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Third Culture Kids––Cherrie

We discuss the singer's origins, her Somali and Scandinavian roots, her career thus far and vision for the future.

Cherrie, a Scandinavian-Somali singer-songwriter, this past year has generated strong supporters on her home turf of Sweden; she’s now turning her head to an international audience and captivating them with her bilingual allure. Cherrie sings, emotionally, in Swedish, and that same emotionality is translating across tongues and converting foreign listeners into ardent encouragers. And rightfully so, as a Muslim woman, an escapee of war-torn Somalia, she represents something far greater than herself and her own outstanding individuality. Cherrie came to EJDER to share a little about her story and spread a message of hope for anyone on the outskirts of society.

Over our conversation, we spent an hour and a half speaking, and in doing so we touched on many subjects relevant to any artist or practitioner today: self-doubt, identity, feelings, purpose, and culture, to name a few of our topics. She was wearing MISBHV’s 6 YRS DOWN JACKET––her own––to fend off the encroaching winter cold we had become used to in-store.

“The way the whole Third Culture Kid thing resonates with me personally,” she begun, “Is the fact that, I’ve never been to my home country––to Somalia - but I’m very much so, very proud of, my heritage, my language, my culture. The music, the poetry, all these amazing things about being East African and Somali. And African overall, and being female, and being Muslim.” Brushing her deep brown, almost midnight black hair out of her way and swiveling on our chair, she then reminisces about growing up in the Finnish countryside: the cows, fishing on the weekends, the fauna, and the difference between that and urban Sweden that she grew to know as home.

“Although I’m from these two places, I wouldn’t say I’m just one of them,” she tells me before confessing of the confusion that diaspora can bring, especially when living in an area, or country even, that’s predominantly white. “For me, it was a thing where I had to create my own third culture that made me feel at home, because when you don’t have your roots somewhere that you can pinpoint fully, it gets you through life being confused all the time.” These reflections bring her to her hood, Rinkeby, and the motivations that inspired her to write 163 För Evigt, “I was the one, I think, that had more of an open vision than all of my friends,” Cherrie tells me, and I believe that perspective is shown in her Swedish lyrics: “Cuz if I succeed we all can, we all can.” An approach or belief that I believe is very African in essence; it’s as if a sense of ubuntu.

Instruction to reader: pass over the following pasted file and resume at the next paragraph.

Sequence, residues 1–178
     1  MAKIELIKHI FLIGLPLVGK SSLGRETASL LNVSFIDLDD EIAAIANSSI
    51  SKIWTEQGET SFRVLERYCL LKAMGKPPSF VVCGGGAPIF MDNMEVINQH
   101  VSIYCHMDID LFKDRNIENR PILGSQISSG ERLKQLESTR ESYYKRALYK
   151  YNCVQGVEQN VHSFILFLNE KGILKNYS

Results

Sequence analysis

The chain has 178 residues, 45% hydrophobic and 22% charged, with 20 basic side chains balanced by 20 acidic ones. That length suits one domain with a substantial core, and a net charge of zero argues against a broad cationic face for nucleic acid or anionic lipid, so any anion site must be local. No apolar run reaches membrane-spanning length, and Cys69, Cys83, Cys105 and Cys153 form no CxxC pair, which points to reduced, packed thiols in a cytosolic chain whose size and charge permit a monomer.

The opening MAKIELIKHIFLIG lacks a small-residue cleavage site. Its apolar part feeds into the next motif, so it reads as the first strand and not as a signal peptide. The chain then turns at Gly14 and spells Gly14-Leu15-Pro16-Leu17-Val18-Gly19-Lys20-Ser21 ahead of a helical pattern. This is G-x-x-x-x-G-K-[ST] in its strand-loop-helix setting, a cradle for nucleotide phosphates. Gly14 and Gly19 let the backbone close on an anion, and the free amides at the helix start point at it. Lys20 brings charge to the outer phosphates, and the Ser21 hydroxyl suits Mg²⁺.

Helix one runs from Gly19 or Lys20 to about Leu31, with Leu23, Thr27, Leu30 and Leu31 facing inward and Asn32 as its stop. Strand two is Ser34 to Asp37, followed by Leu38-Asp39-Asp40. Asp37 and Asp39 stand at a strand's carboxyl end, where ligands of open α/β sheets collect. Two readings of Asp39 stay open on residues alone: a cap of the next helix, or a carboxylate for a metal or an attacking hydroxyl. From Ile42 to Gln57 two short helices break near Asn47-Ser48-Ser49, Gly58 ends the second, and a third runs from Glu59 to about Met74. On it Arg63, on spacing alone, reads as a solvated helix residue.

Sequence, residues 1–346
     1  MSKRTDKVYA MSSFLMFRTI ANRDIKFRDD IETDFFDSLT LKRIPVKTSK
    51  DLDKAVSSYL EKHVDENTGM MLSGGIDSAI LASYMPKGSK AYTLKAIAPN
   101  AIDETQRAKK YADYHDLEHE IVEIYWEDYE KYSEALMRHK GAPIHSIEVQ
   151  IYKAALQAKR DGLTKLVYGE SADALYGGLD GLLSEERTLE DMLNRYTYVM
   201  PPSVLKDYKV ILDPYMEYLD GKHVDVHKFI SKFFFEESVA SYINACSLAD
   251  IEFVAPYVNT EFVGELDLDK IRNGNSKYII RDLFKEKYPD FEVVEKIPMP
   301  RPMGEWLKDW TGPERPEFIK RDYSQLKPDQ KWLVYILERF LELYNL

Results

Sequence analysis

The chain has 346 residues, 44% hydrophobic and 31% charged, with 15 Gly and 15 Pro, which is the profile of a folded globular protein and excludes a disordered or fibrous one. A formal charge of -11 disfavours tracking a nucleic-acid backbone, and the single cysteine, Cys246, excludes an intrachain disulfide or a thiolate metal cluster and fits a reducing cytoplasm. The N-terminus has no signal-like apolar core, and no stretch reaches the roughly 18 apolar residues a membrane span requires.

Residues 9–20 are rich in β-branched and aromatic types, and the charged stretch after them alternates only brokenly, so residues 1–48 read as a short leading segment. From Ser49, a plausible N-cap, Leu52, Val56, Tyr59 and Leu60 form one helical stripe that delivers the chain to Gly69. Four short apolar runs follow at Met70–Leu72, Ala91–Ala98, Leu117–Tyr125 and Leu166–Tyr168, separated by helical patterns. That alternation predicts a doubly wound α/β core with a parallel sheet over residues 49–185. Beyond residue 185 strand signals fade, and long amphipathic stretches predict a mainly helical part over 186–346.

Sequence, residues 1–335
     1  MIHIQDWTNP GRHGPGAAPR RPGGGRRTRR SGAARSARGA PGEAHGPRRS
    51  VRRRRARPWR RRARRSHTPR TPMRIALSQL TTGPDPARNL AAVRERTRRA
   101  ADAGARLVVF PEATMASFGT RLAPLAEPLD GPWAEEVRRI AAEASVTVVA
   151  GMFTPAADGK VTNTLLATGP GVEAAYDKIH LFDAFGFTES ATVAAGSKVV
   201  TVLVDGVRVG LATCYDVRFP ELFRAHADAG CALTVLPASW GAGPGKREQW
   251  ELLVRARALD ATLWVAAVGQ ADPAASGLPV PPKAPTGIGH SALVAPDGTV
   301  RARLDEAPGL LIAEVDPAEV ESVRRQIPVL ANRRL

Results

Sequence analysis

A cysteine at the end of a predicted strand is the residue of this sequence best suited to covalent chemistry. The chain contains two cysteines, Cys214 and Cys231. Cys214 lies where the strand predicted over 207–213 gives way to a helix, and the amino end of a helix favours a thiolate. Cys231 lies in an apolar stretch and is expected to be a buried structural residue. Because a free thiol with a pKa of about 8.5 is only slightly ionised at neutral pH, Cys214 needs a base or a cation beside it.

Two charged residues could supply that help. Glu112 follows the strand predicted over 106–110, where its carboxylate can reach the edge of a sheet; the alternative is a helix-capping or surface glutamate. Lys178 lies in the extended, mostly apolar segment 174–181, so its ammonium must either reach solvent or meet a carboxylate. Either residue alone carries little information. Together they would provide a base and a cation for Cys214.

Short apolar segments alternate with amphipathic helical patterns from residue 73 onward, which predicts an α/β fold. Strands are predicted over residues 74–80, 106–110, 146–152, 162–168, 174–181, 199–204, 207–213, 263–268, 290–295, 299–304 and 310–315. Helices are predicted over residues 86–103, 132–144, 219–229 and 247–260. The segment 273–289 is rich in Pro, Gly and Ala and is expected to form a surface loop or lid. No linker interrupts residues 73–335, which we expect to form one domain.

“Me growing up on the countryside, in one of the few black families in Finland, made me always want to look outside of what I saw around us.” Evading the crime, violence and drugs, and turning the pain of it all into songs that offer hope is what has rightfully earned Cherrie her successes.

“I think that’s one of the main reasons I had the guts to follow my dream,” the recent Swedish Grammy winner shares.

“Everything that I’ve ever put out, or written, is something that definitely made me feel something––even if it were sorrow, or angst... it always comes from real feeling,” Cherrie tells when asked to comment on how it seems that authentic and genuine feelings are communicated in her songs, even across languages and cultures, and her perspectives on that.

“I realised we live in a world where people don’t want to be on the same pages,” there’s political ideologies, conversational conduct and a lot of judgement keeping us separated and in conflict, and those are just recent and apparent qualms that are keeping societies disorganised; few people understand that the way Cherrie seems to, “but, feelings, are the only thing we all have in common,” a well-thought response that the musician has no doubt put a lot of reasoning into, “even if you don’t understand each other, [or] you’re not from the same country, [or] you don’t have the same views.”

Cherrie begins as a summary to her explanation, “you won’t relate to me––or even want to relate to me––if I tell you about ‘Yeah, people dyin’ in my ends,’ but if I tell you about a mother’s sorrow, or losing a friend, you’re now going to be able to at least respect where I’m coming from, right?” With an explanation like this, it made sense why the singers sentiment has been adopted worldwide, in an era where depth and meaning seem to be avoided in commercial, popular music, singing about universal themes: loss, heartbreak, succeeding despite our odds––these themes will always be triumphant regardless of language or borders.

Words and film photography by Jamel Duane Alatise. Polaroids taken by Hiten Ashra.